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Barbu, V. (1947). A Kierkegaard Anthology. Edited by Robert Bretall. 487 pp. 1946. Princetion University Press. $5.. Am. J. Psychoanal., 7(1):56-58.

(1947). American Journal of Psychoanalysis, 7(1):56-58

Book Reviews

A Kierkegaard Anthology. Edited by Robert Bretall. 487 pp. 1946. Princetion University Press. $5.

Review by:
Valer Barbu, M.D.

Kierkegaard is a Danish religious philosopher who lived in Copenhagen from 1813 to 1855. During his short life-span of 42 years he wrote about twenty books. In spite of this considerable output, he was almost completely forgotten for many years after his death. In the last two years his name has been mentioned in the newspapers as the father of “existential philosophy” now popular in France.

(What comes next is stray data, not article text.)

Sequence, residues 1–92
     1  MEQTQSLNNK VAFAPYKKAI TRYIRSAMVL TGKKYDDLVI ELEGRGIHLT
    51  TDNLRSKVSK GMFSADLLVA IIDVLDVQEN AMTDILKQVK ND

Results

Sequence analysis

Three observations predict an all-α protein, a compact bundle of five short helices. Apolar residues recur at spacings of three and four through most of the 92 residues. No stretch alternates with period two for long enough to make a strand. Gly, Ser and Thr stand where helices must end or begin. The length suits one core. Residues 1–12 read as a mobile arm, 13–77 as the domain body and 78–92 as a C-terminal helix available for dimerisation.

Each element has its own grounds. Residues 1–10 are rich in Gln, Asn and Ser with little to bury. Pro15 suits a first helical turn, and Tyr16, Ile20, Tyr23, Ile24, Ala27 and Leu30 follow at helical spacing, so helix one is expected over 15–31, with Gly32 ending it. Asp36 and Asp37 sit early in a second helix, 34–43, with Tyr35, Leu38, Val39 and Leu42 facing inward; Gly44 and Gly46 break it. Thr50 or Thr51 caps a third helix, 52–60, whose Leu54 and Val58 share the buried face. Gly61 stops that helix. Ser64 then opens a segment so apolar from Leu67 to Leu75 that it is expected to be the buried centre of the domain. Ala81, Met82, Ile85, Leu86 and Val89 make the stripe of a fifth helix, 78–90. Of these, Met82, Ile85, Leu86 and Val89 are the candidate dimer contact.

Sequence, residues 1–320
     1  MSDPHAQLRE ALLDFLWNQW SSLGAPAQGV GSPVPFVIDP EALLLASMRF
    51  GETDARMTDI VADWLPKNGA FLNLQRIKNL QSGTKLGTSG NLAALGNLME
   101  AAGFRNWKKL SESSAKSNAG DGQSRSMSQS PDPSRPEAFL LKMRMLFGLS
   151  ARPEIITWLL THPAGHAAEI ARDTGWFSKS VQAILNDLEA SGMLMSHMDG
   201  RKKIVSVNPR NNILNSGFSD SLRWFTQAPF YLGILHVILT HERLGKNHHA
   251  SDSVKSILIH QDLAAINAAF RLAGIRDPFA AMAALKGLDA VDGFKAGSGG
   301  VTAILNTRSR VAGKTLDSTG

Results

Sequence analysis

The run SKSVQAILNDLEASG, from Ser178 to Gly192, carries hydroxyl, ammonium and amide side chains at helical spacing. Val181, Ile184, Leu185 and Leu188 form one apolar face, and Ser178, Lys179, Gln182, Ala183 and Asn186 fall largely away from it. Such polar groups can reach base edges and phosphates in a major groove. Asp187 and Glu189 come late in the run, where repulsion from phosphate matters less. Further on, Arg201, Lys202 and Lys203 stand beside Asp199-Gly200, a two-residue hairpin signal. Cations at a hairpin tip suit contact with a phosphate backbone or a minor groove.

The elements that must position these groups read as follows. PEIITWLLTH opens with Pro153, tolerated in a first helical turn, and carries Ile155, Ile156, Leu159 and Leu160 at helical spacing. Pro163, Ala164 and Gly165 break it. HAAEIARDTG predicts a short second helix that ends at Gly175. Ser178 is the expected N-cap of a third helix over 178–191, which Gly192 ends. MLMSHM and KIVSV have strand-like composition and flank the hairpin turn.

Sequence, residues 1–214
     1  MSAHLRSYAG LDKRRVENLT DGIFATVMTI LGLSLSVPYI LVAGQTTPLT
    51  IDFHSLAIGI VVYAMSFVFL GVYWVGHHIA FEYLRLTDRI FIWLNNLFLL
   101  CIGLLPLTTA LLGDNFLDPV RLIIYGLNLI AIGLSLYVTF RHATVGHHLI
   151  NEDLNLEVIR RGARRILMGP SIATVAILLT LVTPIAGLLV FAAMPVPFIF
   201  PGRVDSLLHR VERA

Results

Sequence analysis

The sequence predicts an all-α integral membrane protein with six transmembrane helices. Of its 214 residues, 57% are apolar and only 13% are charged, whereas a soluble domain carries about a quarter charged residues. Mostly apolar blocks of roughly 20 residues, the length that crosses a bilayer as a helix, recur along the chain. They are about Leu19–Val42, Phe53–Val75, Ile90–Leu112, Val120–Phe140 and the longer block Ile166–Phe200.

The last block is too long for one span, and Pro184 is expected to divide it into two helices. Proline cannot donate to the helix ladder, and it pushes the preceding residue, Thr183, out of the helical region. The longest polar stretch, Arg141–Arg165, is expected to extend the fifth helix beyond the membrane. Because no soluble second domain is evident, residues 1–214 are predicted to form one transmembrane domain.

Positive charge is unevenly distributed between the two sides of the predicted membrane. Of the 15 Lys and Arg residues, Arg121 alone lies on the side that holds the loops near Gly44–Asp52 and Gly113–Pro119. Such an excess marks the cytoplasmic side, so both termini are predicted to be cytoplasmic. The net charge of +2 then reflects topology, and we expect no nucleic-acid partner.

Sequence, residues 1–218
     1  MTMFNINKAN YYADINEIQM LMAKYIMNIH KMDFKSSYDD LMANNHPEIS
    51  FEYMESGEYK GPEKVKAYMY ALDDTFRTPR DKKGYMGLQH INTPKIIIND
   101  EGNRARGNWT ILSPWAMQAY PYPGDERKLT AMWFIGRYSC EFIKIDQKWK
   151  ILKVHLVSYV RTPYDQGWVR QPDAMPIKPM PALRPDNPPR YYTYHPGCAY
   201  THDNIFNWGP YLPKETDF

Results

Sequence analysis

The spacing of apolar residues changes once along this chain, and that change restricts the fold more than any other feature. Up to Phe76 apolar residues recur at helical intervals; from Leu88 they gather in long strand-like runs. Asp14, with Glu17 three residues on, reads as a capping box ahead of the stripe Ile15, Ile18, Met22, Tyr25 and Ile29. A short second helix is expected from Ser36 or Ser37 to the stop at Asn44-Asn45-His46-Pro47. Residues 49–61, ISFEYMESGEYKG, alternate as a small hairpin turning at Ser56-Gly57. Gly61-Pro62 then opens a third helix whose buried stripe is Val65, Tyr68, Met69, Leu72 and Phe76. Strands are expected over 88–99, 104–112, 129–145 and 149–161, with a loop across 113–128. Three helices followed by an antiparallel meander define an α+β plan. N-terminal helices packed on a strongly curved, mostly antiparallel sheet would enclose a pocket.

His most important works have appeared in English translation only in the last ten years, most of them in the publications of Princeton University Press. The present volume contains extracts from his most significant writings. It is evident that the editor has a thorough knowledge of Kierkegaard and that his selections are well chosen. Each section is preceded by a brief introduction by the editor with use-full comments about the meaning of the particular volume in the context of Kierkegaard's development and in relationship to the other volumes.

Kierkegaard's writing is largely autobiographical and reflects his own spiritual development. Most of his writings were published under various pseudonyms—projections of those aspects of his personality which he considered as transitory stages—while his straight religious writings were published under his own name.

Kierkegaard is one of the most difficult writers. He is known to very few, but among these few some have studied him with a most unusual devotion. Many of these students and commentators have themselves been religious workers.

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